World Trade Week (May 19-24) should be a time to sit at the kitchen table and contemplate the importance of international trade for your company, your industry and you. It should also be a time to educate others about what you find out. For example,
- Where does that key component for your product come from (and what happens if it doesn’t come)?
- How many of your colleagues’ jobs are dependent on making sales outside the U.S.?
- If your potential customer could finance the purchase of your product, would that make the sale?
- If that foreign tariff were zero instead of seven percent, would that give you a price advantage over your competitor?
- How can you protect your brand and know-how when exporting your product?
The questions go on and on. Isn’t finding the answers the way electrical equipment and medical imaging equipment manufacturers get the edge they need to compete and grow?
Some key facts to consider:
- Ninety-five percent of the world’s people live outside the U.S.
- Ninety-eight percent of U.S. exporters are small and medium sized companies.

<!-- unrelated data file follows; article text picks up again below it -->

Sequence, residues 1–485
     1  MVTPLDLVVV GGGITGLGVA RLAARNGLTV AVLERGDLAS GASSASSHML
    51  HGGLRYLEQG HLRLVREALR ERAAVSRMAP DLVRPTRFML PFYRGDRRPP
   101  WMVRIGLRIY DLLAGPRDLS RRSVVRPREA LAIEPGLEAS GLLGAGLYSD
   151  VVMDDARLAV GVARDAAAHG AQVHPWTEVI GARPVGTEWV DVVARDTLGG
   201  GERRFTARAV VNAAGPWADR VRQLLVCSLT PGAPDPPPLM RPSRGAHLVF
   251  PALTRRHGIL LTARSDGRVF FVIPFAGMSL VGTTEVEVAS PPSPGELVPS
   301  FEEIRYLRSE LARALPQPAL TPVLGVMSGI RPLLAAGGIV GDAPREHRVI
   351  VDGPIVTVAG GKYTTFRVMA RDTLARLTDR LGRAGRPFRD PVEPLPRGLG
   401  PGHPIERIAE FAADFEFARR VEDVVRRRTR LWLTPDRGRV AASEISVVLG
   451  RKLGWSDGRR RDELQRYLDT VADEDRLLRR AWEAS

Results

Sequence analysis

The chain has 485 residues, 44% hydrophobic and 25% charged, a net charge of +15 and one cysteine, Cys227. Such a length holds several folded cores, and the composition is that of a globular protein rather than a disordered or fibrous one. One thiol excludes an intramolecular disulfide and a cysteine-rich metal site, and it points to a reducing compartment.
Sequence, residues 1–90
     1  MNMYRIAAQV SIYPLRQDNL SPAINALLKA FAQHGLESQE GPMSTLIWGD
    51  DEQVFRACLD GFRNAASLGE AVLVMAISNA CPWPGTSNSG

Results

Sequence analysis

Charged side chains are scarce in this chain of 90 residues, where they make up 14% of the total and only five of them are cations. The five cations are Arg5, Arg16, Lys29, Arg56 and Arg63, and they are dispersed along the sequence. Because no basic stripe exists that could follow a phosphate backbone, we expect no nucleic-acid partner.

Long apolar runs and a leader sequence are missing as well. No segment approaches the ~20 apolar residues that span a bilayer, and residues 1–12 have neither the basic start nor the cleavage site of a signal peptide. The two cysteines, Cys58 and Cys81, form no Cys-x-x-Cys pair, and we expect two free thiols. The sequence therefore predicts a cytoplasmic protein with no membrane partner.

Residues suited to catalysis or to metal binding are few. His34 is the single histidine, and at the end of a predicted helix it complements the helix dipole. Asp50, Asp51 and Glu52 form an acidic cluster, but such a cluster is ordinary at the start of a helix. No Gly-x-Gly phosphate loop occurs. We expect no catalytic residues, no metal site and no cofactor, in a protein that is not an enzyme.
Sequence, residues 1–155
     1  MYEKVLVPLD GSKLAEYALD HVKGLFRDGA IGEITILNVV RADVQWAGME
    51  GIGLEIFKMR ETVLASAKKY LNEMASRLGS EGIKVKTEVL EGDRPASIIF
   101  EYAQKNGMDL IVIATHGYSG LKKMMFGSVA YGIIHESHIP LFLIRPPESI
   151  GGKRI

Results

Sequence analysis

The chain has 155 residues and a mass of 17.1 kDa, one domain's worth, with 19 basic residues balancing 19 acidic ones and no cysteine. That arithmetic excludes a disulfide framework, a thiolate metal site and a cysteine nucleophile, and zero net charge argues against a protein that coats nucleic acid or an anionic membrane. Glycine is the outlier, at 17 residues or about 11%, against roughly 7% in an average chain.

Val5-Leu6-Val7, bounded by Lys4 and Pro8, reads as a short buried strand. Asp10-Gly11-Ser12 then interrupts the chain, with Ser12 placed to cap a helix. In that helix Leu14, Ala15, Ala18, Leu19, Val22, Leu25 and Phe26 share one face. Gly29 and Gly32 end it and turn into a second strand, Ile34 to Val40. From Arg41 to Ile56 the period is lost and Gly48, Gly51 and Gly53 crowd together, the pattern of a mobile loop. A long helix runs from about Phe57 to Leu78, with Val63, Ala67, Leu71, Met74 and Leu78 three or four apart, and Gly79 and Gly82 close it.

- U.S. jobs linked to manufactured goods exports pay on average 18% more than other jobs.
Where do you fit in and who else needs to know about it? Are your leaders helping you compete?
Today, on the other side of the kitchen Congress stands in front of a full stovetop of initiatives on international trade, from reauthorizing the U.S. Export-Import Bank to providing direction to U.S. Customs on targeting counterfeit products, from suspending tariffs on necessary inputs for manufacturing to setting metrics for the Obama Administration on current free trade negotiations with Japan, Vietnam, the European Union, and others.
Unfortunately, the back burners on that stove are overcrowded and lack of action is presenting a real safety risk to U.S. companies who rely on international trade for current and future competitiveness and growth. All the while, outside the kitchen the rest of the world is moving ahead without us.